'Twister' Reboot Reportedly on the Way

The 1996 weather-based action flick Twister is getting a reboot. News broke that Universal Pictures is going to breathe new life into the property and has already found a director to do so.

According to Variety, Joseph Kosinski is currently in negotiations to helm the Twister reboot. Kosinski also directed Top Gun: Maverick, an upcoming sequel to the 1986 blockbuster. He's also helmed Tron: Legacy as well as Oblivion, which helped him land the Top Gun sequel thanks to his working relationship with Tom Cruise. Frank Marshall is slated to produce while the studio is currently meeting with potential writers.

1996's Twister starred Bill Paxton and Helen Hunt as a pair of scrappy, renegade storm chasers who were on the brink of divorce. They chase tornadoes across the Midwest in hopes that they can place their advance weather alert system in the path of a tornado while trying to stay ahead of their nemesis, a money-hungry scientist played by Carey Elwes. The film raked in $494 million in theaters around the globe and earned praise for its ground-breaking special effects. Jan De Bont, best known for Speed, directed the movie. Steven Spielberg served as executive producer with a script from Jurassic Park author Michael Crichton.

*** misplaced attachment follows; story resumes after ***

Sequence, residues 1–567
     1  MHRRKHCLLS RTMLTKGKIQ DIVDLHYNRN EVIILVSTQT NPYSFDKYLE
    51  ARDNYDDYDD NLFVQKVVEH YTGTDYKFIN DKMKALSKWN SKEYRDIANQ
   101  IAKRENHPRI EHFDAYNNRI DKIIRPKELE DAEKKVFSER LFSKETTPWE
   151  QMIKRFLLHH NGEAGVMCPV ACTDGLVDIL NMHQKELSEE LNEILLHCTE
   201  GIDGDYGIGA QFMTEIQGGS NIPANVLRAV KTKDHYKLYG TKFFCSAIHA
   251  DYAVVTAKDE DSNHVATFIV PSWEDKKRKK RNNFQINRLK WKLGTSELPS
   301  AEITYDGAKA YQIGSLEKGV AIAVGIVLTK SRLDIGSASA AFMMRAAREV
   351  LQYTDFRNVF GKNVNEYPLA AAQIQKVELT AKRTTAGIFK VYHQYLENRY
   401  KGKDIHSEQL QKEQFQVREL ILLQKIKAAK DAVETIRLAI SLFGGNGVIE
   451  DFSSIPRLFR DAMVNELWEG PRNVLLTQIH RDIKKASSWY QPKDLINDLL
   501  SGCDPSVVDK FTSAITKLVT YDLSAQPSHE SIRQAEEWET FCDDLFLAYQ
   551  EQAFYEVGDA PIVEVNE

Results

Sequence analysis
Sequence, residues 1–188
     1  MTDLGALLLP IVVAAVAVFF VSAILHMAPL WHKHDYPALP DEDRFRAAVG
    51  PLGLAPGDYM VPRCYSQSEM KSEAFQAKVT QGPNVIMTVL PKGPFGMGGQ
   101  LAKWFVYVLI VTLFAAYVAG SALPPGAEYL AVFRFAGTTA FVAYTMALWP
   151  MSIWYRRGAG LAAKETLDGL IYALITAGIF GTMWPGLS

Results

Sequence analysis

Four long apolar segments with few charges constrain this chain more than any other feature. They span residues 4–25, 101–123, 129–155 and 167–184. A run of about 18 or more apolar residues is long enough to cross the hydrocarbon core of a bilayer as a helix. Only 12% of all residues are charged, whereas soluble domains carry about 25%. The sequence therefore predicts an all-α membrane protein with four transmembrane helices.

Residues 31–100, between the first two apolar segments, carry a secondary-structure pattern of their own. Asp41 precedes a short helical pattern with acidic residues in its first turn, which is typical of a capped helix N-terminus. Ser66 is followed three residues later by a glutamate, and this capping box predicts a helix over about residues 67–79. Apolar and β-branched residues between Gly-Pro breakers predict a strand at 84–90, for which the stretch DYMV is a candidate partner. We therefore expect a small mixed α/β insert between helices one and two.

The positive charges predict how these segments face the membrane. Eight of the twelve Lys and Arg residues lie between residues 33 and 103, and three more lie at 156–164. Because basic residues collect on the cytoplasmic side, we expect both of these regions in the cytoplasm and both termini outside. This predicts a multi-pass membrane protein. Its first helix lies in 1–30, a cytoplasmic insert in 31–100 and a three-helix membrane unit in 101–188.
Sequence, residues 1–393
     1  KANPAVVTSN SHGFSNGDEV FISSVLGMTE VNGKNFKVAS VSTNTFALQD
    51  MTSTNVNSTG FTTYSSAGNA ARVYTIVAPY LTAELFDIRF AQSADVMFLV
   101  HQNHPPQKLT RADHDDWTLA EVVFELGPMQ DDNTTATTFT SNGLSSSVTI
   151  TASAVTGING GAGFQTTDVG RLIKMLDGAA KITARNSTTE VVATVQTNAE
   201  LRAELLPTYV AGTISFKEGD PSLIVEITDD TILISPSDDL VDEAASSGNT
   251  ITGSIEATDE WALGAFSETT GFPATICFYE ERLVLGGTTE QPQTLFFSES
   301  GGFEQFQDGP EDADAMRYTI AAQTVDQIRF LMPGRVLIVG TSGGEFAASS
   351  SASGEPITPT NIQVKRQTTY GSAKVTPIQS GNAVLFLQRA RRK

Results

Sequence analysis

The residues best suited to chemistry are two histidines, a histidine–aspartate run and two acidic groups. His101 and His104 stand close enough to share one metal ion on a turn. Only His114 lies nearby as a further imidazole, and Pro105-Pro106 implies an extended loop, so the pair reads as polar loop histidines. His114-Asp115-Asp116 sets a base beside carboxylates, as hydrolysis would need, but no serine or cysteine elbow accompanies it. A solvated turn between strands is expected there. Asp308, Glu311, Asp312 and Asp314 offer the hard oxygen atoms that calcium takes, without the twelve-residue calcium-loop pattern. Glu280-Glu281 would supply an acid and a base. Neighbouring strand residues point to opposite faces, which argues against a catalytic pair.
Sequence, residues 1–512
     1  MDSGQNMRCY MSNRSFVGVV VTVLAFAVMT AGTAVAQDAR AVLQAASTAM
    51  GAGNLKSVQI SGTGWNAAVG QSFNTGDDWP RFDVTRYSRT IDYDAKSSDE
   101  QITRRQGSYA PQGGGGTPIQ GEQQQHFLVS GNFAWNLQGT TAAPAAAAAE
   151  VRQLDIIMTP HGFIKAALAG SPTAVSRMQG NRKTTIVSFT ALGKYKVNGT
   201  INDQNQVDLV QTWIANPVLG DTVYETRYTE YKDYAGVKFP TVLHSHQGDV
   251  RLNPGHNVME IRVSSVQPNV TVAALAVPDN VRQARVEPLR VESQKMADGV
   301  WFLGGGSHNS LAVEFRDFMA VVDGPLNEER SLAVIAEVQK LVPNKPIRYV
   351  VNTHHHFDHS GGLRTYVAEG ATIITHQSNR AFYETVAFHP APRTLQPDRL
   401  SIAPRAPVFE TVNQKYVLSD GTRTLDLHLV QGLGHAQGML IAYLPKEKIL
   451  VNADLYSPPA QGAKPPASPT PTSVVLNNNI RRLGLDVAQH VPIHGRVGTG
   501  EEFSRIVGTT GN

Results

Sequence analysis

Earlier in June, Twitter users were debating the potential merits of a straight sequel to Twister. It was largely voted down, considering that Paxton had passed away in 2017. Others cited some of the film's now-iconic lines that, not to mention the now-infamous cow scene. Despite the reverence for the film, it never quite sat well with critics, sporting only a 57 percent score on RottenTomatoes, deeming it "rotten." Interestingly, it didn't fare well with the nearly 900,000 audience members, who've tallied it at 58 percent.

In the wake of Paxton's death, hundreds of real-life storm chasers took time to pay their respects to the actor, who's credited with putting their vocation on the map with Twister. To celebrate Paxton, a group of storm chasers decided to do what they could to honor his memory. Using Facebook groups to coordinate their efforts, hundreds gathered in the Midwest; the group used GPS pings to help make their tribute a reality. When their efforts were viewed from above, their group pings spell out "BP" in honor of Paxton.